Many of us do not digest lactose, the sugar in cow’s milk, after the age of 3 years. This is the norm in the human species. How to know if a person is intolerant to lactose?
According to scientists, about half of people complaining of chronic diarrhea would be intolerant to lactose, the dominant sugar of cow’s milk1. But where does this famous lactose intolerance come from? All babies tolerate lactose: we are equipped with an enzyme, called lactase, which helps digest the sugar lactose in the milk. Around the age of three to six years, in human species, this enzyme is not or poorly expressed and we cannot digest lactose properly. Hence troubles when consuming dairy products in childhood and adolescence because this undigested lactose is causing toxins. This is the norm for humanity: 70 to 75% of the earth’s population cannot digest lactose after the age of three years.
But a minority of the inhabitants of the planet, those who go down as pastoralist peoples have a genetic mutation that allows them to continue to express lactase, even after the age of 3 years. Those people therefore can drink milk without experiencing disorders due to the absence of lactase. In Europe, those people are mainly the residents of the north. Further south, more intolerance is widespread. Lactose intolerance concerns more than 60% of the inhabitants of the south of France and 90% in Sicily.
Symptoms of lactose intolerance
Lactose is found in liquid milk, but also in yoghurts and cheeses. Normally, yoghurts contain no or little lactose because it is “digested” by the probiotic bacteria. But industrialists, to improve the creaminess of yoghurt and to erase their acidity often add milk powder, containing lactose. There is also lactose in many processed foods such as cold cuts and even medicines.
Cardiff University researchers have identified the symptoms of lactose intolerance in 133 patients for 48 hours after they had received 50 g of lactose, the equivalent of what is in a liter of milk2.
Aside digestive symptoms, here’s what they found: 100% of patients had the following symptoms: abdominal pain, abdominal distension, rumbling, flatulence. 70% of them had diarrhea (30% being constipated), 78% of patients complained of nausea and vomiting.
Aside systemic symptoms, here’s what the researchers also found: 86% of patients complained of headache and dizziness, 82% loss of concentration, impaired short-term memory, 71% of them suffered muscle aches, pains, stiffness and joint swelling, 40% of allergies, 24% cardiac arrhythmia, 30% of ulcers …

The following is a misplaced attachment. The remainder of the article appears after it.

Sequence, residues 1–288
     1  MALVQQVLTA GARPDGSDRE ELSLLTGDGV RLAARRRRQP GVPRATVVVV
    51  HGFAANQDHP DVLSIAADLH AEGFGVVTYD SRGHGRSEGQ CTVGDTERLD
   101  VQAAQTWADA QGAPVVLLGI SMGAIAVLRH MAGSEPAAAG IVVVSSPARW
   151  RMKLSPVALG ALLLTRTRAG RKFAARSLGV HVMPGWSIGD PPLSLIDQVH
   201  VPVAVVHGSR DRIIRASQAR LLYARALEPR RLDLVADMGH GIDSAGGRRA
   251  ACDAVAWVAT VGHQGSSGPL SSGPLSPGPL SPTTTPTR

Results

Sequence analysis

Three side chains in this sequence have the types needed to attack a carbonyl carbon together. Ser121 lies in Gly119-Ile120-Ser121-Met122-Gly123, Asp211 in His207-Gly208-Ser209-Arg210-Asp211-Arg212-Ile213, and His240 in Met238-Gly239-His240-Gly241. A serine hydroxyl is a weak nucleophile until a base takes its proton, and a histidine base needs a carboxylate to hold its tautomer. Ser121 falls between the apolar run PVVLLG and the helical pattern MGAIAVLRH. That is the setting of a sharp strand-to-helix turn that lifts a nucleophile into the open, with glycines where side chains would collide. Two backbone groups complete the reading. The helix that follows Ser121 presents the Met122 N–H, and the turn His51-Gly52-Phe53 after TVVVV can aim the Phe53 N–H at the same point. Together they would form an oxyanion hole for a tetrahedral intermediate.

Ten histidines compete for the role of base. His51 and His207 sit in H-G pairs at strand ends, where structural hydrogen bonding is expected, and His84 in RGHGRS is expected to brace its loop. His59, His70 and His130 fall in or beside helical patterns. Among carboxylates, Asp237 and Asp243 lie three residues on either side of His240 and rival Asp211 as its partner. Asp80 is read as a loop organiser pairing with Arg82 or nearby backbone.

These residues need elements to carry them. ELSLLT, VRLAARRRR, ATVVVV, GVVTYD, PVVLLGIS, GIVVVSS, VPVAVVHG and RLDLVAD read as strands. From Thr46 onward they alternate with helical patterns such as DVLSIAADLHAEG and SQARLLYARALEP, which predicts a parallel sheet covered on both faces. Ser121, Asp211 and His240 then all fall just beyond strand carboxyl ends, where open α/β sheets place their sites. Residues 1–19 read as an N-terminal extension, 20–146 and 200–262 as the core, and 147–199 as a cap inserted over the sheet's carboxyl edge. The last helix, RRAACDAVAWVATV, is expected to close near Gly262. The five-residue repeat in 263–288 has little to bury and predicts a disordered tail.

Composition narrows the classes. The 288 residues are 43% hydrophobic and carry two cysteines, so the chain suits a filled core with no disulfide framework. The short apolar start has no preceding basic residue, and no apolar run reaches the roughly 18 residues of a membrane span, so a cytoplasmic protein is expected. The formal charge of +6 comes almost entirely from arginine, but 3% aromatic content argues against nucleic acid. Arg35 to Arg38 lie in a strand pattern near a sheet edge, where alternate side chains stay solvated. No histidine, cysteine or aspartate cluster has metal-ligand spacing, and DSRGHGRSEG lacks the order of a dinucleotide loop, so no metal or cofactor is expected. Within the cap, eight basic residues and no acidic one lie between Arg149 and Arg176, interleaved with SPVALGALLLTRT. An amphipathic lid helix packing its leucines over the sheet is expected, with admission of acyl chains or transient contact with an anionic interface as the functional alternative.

If you think you are lactose intolerant, you can have confirmation by DNA testing, or more commonly by a test that measures expired (total?) hydrogen after ingestion of 50 g of lactose (1 g / kg with children).
Who is affected by lactose intolerance?
According to experimental studies conducted on this subject, some of those who express more lactase can drink small amounts of lactose (about 10 to 12 g per day or the equivalent of a glass of milk) without suffering from specific disorders3. However the acceptability of lactose threshold varies from person to person: some tolerate a glass of milk, others are indisposed with a few grams of chocolate milk.
In the USA, the National Institute of Diabetes and Digestive and Kidney Diseases estimates that 30 and 50 million people suffer from lactose intolerance4. In France, no official estimates have been made, but 41% of adults have problems digesting milk or … 20 million. Yet lactose spreads a bit more every year in our food …
- Campbell AK, Waud JP, Matthews SB The molecular basis of lactose intolerance. Sci Prog. 2005;88(Pt 3):157-202.
- Matthews SB, Waud JP, Roberts AG, Campbell AK Systemic lactose intolerance: a new perspective on an old problem. BMJGlobal Health March 2005 Vol. 81 – 953
- Sklar M, Wasserman B What is Lactose Intolerance? Physicians Committee for Responsible Medicine
- Sibley E, Fisher R, Pennington J, McDowell MA Lactose Intolerance National Institute of Diabetes and Digestive and Kidney Diseases (NIDDK)